St. Johns church is famous as the oldest Methodist church in Marion county, antedating the founding of Ocala, and began its history fifty odd years ago in the little Barco log school house of those days, the same strain of splendid citizenship being represented in the grandchildren—J. M. Barco, manager of the commercial bank, D. M. Barco, of Cotton Plant, and Col. Nic Barco, of Crystal River, and Newton Barco, the son of J. M., and the progressive and successful young farmer and trucker of his section, with others. There were three brothers. Mr. Stephen Barco was the father of Col Nic; William Barco, the father of D. M., and Joseph P. Barco, the father of our J. M., and who was a very public spirited citizen and very popular, being tax collector and assessor of Marion county in its early history. He served faithfully as a Confederate soldier, was taken prisoner on Finnegan’s retreat near Baldwin, in company with Col. Adam Eichelberger, was imprisoned at Johnson’s island, where he died, thus ending the life of a valued citizen, who left the impress of his sterling character on his progeny.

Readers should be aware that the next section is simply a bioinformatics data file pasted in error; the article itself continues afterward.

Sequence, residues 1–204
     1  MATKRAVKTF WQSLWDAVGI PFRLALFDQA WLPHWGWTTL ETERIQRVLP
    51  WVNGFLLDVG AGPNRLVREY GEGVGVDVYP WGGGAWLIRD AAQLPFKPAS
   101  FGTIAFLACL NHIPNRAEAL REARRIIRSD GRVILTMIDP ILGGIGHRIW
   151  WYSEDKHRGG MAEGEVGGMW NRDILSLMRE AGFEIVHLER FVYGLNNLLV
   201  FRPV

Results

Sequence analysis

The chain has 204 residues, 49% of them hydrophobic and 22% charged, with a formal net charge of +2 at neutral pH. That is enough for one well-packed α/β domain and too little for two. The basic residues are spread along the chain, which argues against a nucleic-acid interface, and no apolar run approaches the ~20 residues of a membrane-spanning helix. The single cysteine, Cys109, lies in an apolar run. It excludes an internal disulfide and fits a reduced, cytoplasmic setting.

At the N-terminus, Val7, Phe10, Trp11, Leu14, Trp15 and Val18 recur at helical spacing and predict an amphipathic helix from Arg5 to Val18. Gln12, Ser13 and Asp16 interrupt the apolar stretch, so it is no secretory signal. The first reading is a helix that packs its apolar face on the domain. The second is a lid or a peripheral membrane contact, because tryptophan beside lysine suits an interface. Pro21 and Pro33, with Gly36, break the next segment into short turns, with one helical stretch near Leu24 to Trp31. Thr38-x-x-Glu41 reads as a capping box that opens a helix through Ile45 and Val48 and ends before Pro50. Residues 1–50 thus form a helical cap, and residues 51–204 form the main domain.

Mr. Henry W. Long has been a constant member of St. Johns church ever since its organization, and for forty-three years has been its ideal steward, prompt, faithful and constant in the discharge of all its duties, a laborer in the vineyard, and pulling a forward oar in all good work, whether of church or state, a citizen who takes an active part in the civic as well as the moral battle of life, ever found in the forefront of battle, doing valiant service for the right, thereby setting a noble example for younger men to pattern after.
Source: Ocala Evening Star: 8-3-1903
Transcribed, Formatted and Submitted by Linda Flowers